If they don't matter, it shouldn't increase the error rate much, right?Based on those scores, the most important features are: scores indicate how much more attractive the partners were relative to the participants.
If you plot to standard deviations of ratings people received, the spread is pretty wide, especially for men.
The data comes from a series of heterosexual speed dating experiements at Columbia University from 2002-2004.
In these experiments, you each met all of you opposite-sex participants for four minutes.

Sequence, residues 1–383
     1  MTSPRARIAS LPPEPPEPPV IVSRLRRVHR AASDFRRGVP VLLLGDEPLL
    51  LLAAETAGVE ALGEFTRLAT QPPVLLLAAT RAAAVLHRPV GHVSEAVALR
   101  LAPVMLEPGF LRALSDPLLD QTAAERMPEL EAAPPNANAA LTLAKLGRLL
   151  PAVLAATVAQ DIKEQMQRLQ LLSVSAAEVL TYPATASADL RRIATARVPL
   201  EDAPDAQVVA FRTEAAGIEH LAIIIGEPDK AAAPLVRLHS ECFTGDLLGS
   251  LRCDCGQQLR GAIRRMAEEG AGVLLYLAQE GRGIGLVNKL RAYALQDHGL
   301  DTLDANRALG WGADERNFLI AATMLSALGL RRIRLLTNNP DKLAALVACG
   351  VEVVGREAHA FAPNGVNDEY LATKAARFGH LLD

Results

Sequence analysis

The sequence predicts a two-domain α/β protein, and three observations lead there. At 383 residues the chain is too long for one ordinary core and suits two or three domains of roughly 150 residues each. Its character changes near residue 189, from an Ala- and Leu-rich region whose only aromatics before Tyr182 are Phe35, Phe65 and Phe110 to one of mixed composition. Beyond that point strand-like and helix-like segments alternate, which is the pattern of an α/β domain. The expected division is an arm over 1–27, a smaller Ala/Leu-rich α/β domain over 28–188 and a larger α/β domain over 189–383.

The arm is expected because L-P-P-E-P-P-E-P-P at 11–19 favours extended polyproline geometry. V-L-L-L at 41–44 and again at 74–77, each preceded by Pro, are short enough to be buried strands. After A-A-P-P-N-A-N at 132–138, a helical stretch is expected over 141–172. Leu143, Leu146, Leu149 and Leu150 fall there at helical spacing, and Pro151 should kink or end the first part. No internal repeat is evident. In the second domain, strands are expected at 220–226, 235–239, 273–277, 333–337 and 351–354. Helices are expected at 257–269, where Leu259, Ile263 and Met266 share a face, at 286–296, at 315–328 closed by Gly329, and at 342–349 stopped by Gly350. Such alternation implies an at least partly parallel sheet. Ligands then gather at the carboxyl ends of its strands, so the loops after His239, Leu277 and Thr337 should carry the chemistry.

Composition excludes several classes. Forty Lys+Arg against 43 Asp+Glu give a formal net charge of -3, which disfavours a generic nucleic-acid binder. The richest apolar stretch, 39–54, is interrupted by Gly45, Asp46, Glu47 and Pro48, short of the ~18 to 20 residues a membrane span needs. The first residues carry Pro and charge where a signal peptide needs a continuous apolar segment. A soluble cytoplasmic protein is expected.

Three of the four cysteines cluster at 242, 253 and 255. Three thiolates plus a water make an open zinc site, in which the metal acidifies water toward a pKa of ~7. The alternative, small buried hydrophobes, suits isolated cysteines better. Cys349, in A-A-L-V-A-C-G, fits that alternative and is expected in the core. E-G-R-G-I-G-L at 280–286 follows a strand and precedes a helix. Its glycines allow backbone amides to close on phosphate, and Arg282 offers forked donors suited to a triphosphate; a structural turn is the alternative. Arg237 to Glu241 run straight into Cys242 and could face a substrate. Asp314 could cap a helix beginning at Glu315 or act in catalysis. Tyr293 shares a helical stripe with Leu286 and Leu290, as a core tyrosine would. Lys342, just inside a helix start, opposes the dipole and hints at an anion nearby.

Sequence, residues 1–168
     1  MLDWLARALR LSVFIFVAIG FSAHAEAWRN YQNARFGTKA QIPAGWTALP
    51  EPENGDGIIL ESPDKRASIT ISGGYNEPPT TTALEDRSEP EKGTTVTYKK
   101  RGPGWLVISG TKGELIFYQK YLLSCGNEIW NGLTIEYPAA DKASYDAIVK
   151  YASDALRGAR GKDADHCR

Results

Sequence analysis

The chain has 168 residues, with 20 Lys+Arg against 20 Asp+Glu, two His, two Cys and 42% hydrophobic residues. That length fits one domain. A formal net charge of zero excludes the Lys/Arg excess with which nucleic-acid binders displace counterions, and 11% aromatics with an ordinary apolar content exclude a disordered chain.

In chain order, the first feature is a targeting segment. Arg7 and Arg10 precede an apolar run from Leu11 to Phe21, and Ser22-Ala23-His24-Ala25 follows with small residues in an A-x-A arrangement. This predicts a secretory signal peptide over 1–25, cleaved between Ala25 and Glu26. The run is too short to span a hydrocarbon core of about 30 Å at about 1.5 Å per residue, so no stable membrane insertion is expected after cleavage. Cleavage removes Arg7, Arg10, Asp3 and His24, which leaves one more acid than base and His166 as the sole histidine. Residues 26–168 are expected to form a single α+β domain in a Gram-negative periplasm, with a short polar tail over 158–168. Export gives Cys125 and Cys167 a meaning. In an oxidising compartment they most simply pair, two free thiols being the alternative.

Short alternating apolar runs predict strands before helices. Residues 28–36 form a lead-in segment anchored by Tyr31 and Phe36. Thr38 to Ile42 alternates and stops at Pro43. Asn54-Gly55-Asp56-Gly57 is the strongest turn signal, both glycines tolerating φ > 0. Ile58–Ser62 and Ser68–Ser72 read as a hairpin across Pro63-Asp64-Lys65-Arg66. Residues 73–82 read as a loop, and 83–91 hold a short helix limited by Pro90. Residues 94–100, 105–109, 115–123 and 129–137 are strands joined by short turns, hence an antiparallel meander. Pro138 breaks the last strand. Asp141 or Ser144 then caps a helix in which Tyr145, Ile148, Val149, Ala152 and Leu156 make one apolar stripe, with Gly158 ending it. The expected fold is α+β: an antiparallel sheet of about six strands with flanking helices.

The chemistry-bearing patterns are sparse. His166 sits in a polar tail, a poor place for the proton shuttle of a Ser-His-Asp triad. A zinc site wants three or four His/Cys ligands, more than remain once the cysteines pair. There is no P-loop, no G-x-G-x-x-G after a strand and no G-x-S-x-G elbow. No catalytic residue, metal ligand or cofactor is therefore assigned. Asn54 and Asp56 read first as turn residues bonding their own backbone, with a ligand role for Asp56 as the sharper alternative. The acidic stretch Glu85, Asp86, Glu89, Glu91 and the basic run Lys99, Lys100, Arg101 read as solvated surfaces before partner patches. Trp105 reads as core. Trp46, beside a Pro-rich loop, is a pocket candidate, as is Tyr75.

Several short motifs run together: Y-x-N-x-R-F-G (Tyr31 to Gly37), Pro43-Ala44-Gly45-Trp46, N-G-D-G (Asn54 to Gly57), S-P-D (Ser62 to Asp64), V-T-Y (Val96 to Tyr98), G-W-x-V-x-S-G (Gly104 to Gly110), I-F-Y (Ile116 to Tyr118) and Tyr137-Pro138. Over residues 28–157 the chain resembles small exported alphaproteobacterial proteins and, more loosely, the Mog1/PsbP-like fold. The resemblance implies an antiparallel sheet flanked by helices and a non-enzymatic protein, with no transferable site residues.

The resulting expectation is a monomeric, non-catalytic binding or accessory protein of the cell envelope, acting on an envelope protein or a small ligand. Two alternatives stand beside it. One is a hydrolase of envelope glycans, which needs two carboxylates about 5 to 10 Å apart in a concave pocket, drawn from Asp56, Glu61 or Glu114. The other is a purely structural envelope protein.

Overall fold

This means some people who got very high match rate must have requested a second date with almost everyone they met and they got their favor returned.
Does that mean people who made fewer matches were more picky and didn't request another date as often as those who were more successful? match rate - if they correlate, then we should see a diagonal line!